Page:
Organization leaders

Average: T.J. Rivera, St. Lucie, .322; Cam Maron, Savannah, .305; Eric Campbell, Binghamton, .303; Josh Satin, Buffalo, .298; Alonzo Harris Jr., St. Lucie, .293; Wilmer Flores, Binghamton, .290; Fred Lewis, Buffalo, .289; Josh Rodriguez, Buffalo, .282; Juan Lagares, Binghamton, .281; Matt den Dekker, Buffalo, .277.

Homers: Aderlin Rodriguez, St. Lucie, 22; Cory Vaughn, St. Lucie, 19; Matt den Dekker, Buffalo, 17; Travis Taijeron, St. Lucie, 16; Valentino Pascucci, Buffalo, 15.

RBI: Aderlin Rodriguez, St. Lucie, 76; Matt den Dekker, Buffalo, 68; Wilmer Flores, Binghamton, 66; Dustin Lawley, Savannah, 63; T.J. Rivera, St. Lucie, 61.

Steals: Alonzo Harris Jr., St. Lucie, 33; Fred Lewis, Buffalo, 21; Juan Lagares, Binghamton, 20; Matt den Dekker, Buffalo, 19; Richard Lucas, St. Lucie, 18.

ERA: Hansel Robles, Brooklyn, 1.48; Tyler Pill, St. Lucie, 2.31; Jacob deGrom, St. Lucie, 2.33; Rafael Montero, St. Lucie, 2.36; Gabriel Ynoa, Brooklyn, 2.45; Michael Fulmer, Savannah, 2.54; Luis Cessa, Brooklyn, 2.70; Luis Mateo, Brooklyn, 2.82; Rainy Lara, Brooklyn, 3.02; Collin McHugh, Buffalo, 3.03.

Wins: Rafael Montero, St. Lucie, 11; Zack Wheeler, Buffalo, 10; Gonzalez Germen, Binghamton, 10; Cory Mazzoni, Binghamton, 10; Tyler Pill, St. Lucie, 9.

Saves: Fernando Cabrera, Buffalo, 19; T.J. Chism, Savannah, 17; Adam Kolarek, St. Lucie, 16; Adrian Rosario, St. Lucie, 14; Robert Carson, Buffalo, 10.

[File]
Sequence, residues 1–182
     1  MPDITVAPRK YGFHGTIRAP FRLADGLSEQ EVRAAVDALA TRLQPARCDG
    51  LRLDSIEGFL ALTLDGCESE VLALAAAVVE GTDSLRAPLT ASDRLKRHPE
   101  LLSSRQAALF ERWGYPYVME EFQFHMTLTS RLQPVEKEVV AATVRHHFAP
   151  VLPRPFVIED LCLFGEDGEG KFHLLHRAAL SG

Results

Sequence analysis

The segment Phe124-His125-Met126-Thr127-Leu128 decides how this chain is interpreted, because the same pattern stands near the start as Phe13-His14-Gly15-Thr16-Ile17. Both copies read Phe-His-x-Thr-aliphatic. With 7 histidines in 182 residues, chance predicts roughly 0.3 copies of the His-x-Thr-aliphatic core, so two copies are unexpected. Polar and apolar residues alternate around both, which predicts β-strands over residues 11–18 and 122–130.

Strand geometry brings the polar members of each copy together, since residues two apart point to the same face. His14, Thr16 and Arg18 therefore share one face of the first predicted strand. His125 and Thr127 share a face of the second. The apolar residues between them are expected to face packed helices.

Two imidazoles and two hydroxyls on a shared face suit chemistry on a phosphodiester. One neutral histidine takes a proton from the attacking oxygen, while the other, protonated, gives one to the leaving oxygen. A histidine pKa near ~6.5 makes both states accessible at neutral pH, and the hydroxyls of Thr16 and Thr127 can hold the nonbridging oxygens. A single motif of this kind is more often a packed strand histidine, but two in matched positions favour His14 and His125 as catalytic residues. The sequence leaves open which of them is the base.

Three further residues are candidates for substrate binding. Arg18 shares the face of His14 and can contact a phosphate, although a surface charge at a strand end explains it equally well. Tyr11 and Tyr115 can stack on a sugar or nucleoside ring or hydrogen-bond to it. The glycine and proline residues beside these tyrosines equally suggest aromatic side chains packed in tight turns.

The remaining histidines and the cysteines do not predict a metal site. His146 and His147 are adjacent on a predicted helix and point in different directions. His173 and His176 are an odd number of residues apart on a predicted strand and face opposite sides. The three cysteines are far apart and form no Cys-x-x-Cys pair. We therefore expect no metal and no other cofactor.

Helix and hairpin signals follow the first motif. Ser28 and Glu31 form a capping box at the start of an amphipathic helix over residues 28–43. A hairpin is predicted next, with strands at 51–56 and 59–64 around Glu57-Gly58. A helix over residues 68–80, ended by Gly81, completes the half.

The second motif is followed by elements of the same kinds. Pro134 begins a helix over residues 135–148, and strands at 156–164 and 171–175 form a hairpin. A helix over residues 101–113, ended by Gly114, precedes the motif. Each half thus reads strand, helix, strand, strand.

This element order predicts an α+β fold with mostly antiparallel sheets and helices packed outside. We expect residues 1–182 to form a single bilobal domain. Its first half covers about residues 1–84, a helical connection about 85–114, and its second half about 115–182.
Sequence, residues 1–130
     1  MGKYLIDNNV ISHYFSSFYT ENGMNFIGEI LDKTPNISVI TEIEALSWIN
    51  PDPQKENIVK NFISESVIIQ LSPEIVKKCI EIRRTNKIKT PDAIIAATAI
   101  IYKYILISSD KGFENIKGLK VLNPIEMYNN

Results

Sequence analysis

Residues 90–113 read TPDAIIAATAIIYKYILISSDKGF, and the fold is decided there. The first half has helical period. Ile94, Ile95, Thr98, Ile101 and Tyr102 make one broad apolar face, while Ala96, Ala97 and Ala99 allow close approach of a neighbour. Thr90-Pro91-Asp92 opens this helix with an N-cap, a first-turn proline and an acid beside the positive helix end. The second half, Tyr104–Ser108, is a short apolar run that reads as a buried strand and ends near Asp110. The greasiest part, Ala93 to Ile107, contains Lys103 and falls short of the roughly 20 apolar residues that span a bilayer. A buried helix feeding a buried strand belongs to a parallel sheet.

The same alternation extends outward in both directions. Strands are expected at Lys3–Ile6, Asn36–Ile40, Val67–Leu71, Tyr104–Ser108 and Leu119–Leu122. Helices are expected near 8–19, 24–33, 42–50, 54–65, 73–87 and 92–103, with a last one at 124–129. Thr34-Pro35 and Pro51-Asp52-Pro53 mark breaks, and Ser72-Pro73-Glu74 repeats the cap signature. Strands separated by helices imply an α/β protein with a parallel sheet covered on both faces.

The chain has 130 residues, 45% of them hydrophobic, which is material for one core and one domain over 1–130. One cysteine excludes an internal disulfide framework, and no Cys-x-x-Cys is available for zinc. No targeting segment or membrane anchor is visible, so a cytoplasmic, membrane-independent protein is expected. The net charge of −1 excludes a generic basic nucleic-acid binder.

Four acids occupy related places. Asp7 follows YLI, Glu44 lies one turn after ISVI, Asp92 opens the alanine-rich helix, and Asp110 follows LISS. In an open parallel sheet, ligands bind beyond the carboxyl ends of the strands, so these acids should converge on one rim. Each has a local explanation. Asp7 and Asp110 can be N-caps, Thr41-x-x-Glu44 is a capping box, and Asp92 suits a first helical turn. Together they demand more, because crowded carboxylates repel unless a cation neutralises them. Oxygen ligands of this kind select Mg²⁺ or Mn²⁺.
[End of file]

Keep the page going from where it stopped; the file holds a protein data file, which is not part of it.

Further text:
Strikeouts: Zack Wheeler, Buffalo, 128; Collin McHugh, Buffalo, 128; Matt Harvey, Buffalo, 112; Rafael Montero, St. Lucie, 110; Jeurys Familia, Buffalo, 108.

Short hops

• Mets farmhands earned pitcher of the week honors in three leagues:

Left-hander Mark Cohoon took the Eastern League honor after taking a no-hit bid into the seventh inning and striking out a season-high 10 in a complete-game, 5-0 win for Binghamton against Harrisburg on Friday. It was Cohoon’s first shutout since producing three straight with Savannah in June 2010, which led to a promotion directly to the B-Mets, bypassing St. Lucie.

Rafael Montero captured the Florida State League honor for tossing 7 2/3 no-hit innings against Palm Beach last Tuesday. He departed with the bid intact, having reached his pitch limit. It turned out to be Montero’s final 2012 outing. The organization is shutting him down for the season due to an innings limit. The 21-year-old right-hander went a combined 11-5 with a 2.36 ERA between Savannah and St. Lucie this season and has struck out 110 and walked 19 in 122 innings. He only logged 71 regular-season innings in 2011.